Israeli COVID-19 Cases hit 250, Government Mulls Stricter Measures

March 16, 2020

2 min read

Israel’s Health Ministry confirmed Monday that the number of COVID-19 patients in the country had increased to 250. Two patients are in serious condition and the rest are showing little to no symptoms, according to the ministry. So far, four Israelis have recovered from the COVID-19 virus. Nearly 40,000 Israelis are currently under home quarantine, as are thousands of healthcare workers, including 950 doctors.

A ministry official said Sunday that there are concrete fears that over 2,500 Israeli cases have yet to be diagnosed. Israel is expected to receive advanced testing kits on Wednesday, which would allow laboratories to perform 4,000 tests for COVID-19 infection a day, compared to the hundreds they can currently perform.

Health Ministry Director General Moshe Siman-Tov told Army Radio on Monday that as the disease spreads, stricter limitations will have to be imposed on the public.

“I wouldn’t necessarily use the term ‘closure’ but we are going to spend a lot more time indoors. Our lifestyle has to change. Things we think are impossible now will seem routine in a few weeks,” he said.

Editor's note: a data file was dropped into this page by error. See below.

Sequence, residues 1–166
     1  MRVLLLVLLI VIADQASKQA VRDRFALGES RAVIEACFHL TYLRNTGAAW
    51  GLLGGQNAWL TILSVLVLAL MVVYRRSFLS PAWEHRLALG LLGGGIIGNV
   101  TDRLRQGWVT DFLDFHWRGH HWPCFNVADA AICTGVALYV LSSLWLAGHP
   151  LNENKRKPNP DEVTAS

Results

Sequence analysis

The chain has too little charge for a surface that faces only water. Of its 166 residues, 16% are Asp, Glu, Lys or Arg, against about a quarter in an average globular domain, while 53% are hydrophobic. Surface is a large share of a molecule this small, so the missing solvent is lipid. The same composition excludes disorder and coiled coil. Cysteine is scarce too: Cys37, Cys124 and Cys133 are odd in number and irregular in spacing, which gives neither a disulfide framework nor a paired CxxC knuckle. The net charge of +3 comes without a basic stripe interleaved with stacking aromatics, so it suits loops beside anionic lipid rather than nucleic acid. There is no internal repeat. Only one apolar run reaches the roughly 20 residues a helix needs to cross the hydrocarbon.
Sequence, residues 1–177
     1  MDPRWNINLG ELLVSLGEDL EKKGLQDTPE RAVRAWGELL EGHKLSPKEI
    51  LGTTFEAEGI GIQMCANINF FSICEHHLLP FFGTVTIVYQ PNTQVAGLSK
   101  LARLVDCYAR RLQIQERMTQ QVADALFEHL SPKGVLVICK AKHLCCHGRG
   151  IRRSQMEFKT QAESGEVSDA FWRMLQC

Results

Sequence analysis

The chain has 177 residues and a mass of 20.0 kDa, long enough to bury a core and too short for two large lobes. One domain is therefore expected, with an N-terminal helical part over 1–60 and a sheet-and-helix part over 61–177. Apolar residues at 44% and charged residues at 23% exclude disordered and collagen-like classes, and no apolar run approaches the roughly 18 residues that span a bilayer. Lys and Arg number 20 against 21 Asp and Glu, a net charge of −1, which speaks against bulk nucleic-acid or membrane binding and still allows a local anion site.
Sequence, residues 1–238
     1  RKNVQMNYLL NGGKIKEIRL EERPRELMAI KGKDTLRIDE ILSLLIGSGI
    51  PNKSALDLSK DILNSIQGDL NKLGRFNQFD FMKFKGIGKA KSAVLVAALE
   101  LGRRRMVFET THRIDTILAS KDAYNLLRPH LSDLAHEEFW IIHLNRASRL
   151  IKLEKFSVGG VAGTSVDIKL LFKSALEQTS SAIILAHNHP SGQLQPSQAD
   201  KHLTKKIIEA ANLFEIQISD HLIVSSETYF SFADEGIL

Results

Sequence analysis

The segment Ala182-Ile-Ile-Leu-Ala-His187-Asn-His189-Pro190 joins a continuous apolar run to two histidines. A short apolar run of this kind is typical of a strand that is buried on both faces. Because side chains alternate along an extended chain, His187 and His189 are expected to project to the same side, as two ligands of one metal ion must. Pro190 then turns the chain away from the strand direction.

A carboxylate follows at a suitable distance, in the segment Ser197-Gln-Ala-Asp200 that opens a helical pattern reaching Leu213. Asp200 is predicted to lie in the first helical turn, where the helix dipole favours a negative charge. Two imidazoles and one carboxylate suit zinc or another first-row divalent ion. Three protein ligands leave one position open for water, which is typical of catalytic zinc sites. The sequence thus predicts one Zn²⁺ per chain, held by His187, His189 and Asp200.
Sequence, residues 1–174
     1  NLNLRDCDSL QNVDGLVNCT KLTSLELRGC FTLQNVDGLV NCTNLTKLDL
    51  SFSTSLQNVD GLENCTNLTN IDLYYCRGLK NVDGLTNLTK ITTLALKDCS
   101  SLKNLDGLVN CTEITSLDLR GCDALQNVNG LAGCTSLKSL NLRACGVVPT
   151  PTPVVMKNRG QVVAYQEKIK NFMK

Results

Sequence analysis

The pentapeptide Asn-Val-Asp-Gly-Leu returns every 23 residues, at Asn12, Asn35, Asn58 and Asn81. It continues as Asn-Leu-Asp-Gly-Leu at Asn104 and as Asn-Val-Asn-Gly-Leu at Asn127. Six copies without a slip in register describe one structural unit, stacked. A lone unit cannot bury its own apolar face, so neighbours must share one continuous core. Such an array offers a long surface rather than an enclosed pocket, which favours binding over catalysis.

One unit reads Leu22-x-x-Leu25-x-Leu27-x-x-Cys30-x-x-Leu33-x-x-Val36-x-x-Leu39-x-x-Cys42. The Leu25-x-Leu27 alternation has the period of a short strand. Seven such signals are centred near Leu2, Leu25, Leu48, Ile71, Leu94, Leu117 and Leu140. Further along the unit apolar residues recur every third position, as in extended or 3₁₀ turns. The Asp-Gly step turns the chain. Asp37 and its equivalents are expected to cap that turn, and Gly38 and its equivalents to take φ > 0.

On Sunday, the government approved a series of emergency regulations presented by Public Security Minister Gilad Erdan, including, among other things, hefty fines for those who violate quarantine directives or public gathering orders. According to current directives, public gatherings are restricted to under 10 people. Fines will range from NIS 3,000 to NIS 5,000 shekels ($800 to $1350), depending on the circumstances.

In addition, the ministers approved regulations designed to prevent the virus from spreading in the prison system. The prisoner population, being confined to a small space, is at greater risk of infection.

Under the new regulations, arraignment hearings will take place via video conference, all visitations have been limited, including by lawyers. While the emergency regulations are in effect—an initial period of five weeks—prisoners will only be allowed to consult with their lawyers over the phone.

“In order to stop the spread of the coronavirus and protect public health, we must constantly initiate and change the way our internal security bodies operate. By doing so, we can win the war on the virus,” said Erdan.

This article first appeared in Israel Hayom.

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